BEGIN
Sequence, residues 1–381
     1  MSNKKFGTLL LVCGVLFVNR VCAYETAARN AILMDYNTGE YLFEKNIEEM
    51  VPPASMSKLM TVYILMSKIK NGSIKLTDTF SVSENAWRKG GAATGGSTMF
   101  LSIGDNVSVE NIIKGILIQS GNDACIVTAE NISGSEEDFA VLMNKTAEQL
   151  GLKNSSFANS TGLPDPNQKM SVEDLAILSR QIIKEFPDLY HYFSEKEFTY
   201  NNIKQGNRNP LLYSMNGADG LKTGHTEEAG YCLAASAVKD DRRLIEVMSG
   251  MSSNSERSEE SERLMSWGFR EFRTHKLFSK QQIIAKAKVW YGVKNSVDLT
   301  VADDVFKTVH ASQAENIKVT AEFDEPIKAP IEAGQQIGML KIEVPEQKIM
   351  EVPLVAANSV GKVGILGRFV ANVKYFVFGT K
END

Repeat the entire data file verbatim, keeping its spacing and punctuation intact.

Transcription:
Sequence, residues 1–381
     1  MSNKKFGTLL LVCGVLFVNR VCAYETAARN AILMDYNTGE YLFEKNIEEM
    51  VPPASMSKLM TVYILMSKIK NGSIKLTDTF SVSENAWRKG GAATGGSTMF
   101  LSIGDNVSVE NIIKGILIQS GNDACIVTAE NISGSEEDFA VLMNKTAEQL
   151  GLKNSSFANS TGLPDPNQKM SVEDLAILSR QIIKEFPDLY HYFSEKEFTY
   201  NNIKQGNRNP LLYSMNGADG LKTGHTEEAG YCLAASAVKD DRRLIEVMSG
   251  MSSNSERSEE SERLMSWGFR EFRTHKLFSK QQIIAKAKVW YGVKNSVDLT
   301  VADDVFKTVH ASQAENIKVT AEFDEPIKAP IEAGQQIGML KIEVPEQKIM
   351  EVPLVAANSV GKVGILGRFV ANVKYFVFGT K